New schema spec

roddey at roddey at
Tue May 11 19:38:23 BST 1999

>Excellent things. XML was right to simplify SGML and get rid of & and
>exceptions. I hope XSchema will reintroduce both of them, and more.

Hmmm. But if schema becomes "thu way" that structural validation is done, then
it won't be some optional part of XML. It will be basically a core part of XML,
in very single implementation out there. So, if XML was right to leave it out to
begin with, why is it a good thing to bring it back now? Have the reasons for
having left it out changed?

>>Just the m to n repetition system means that DFAs wouldn't work anymore right
>n{2 to 5} can be replaced by  (n, n, (n, (n, (n)?)?)?)
>(n, m){2,5} can be replaced by ((n,m), (n,m), (n,m, (n,m (n,m)?)?)?)
>(n|m){2,5} can be replaced by
>    ((n|m), (n|m), (n, ((n, (n|m))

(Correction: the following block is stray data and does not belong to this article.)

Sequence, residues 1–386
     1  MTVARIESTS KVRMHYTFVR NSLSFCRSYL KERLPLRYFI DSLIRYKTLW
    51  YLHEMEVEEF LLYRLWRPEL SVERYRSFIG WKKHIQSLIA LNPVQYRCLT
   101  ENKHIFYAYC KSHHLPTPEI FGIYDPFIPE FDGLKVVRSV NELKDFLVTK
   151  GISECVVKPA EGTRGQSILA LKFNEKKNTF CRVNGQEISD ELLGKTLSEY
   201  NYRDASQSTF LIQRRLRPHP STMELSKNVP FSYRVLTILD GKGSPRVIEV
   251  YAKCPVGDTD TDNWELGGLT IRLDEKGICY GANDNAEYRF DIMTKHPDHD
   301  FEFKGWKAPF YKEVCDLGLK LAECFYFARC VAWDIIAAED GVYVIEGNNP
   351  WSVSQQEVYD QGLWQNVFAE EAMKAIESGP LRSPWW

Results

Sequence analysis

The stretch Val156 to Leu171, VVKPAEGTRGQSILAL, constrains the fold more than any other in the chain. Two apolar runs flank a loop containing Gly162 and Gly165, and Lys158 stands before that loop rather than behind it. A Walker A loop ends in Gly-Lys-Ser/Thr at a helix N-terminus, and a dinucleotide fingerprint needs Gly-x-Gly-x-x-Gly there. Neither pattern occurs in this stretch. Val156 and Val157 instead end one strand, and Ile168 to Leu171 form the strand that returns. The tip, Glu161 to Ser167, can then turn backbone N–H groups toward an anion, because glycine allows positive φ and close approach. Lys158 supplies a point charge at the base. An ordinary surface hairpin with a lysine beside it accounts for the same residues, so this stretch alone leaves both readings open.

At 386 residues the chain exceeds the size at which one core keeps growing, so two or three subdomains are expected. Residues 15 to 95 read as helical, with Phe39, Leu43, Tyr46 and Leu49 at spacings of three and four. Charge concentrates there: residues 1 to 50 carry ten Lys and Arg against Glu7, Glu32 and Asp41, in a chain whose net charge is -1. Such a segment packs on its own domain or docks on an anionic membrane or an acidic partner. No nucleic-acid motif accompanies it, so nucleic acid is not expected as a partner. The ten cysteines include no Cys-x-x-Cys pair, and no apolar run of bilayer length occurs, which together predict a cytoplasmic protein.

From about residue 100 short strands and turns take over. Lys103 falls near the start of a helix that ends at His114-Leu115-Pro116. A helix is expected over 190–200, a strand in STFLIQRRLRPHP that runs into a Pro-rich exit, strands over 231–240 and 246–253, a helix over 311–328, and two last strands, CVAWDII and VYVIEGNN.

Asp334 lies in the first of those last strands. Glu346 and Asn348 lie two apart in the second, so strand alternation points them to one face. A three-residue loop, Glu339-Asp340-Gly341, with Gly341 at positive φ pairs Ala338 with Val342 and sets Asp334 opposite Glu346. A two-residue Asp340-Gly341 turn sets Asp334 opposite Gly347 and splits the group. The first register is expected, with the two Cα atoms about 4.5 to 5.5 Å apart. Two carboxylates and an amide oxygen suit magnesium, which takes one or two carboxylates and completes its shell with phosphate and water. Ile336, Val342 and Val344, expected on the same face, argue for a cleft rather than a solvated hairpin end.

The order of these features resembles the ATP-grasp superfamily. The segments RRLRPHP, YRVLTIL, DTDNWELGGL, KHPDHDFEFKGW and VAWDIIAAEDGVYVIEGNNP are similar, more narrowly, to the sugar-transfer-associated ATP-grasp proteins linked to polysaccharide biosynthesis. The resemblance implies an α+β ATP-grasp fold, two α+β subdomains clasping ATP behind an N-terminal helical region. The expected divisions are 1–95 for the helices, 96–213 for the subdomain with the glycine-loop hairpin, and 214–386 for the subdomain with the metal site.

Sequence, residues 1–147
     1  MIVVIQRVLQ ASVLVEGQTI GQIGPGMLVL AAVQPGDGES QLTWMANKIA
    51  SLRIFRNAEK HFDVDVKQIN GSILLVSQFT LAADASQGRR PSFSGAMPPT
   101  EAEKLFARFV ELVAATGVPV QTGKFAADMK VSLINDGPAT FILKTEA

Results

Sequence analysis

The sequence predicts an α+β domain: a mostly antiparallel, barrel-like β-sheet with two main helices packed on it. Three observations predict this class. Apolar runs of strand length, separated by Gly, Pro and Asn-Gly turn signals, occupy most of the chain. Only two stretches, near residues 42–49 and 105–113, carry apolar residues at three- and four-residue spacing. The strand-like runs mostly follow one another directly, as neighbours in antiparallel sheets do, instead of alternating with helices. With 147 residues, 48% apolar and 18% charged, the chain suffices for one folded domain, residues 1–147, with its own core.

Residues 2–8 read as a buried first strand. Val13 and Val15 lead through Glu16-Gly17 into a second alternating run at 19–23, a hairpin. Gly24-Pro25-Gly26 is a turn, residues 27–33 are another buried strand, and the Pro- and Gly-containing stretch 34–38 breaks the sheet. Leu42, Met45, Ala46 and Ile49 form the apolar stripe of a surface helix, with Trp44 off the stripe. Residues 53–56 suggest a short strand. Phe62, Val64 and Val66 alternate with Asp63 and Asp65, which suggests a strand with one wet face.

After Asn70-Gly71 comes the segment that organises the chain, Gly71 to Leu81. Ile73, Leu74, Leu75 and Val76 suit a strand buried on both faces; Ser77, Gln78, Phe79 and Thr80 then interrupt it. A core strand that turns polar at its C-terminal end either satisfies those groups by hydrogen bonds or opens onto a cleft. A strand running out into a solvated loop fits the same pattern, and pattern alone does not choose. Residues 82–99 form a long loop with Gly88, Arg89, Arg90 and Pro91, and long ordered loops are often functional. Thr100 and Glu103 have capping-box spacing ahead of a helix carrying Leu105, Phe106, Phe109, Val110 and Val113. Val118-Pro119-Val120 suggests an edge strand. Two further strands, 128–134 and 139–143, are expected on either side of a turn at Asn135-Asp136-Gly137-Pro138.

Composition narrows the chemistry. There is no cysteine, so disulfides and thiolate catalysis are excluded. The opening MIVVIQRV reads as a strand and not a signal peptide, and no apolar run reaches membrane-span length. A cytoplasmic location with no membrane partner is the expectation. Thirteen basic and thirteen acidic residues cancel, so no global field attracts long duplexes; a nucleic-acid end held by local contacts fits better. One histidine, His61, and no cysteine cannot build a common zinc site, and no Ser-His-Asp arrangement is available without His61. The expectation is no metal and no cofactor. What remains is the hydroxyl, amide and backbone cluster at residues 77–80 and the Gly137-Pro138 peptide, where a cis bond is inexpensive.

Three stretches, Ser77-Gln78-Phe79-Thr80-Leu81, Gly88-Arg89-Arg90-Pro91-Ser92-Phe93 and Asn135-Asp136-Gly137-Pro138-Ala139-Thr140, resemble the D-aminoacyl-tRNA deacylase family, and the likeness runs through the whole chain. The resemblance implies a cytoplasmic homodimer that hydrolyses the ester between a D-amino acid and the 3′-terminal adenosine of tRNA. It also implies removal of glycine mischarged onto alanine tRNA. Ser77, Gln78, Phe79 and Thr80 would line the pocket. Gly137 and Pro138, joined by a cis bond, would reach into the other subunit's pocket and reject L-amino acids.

>                                    | (m, (n|m))))
>                            | (m, (n, (n|m))
>                                   | (m, (n|m))))
>(n&m){2 to 5} can be replaced by
>     ( ((n, m)| (m,n)),
>       ((n, m)| (m,n)),
>       ( ((n, m)| (m,n)), ( ((n, m)| (m,n)), ((n, m)| (m,n))?)?)? )

Well, that's true on the 'just thinking bout it' level. But is it practical?
What if its n{20 to 1000} or something of that nature? That wouldn't be at all
unreasonable from a user's standpoint, but what would be the practical
implications for the data structures used during the creation of the DFA and the
transition table itself?

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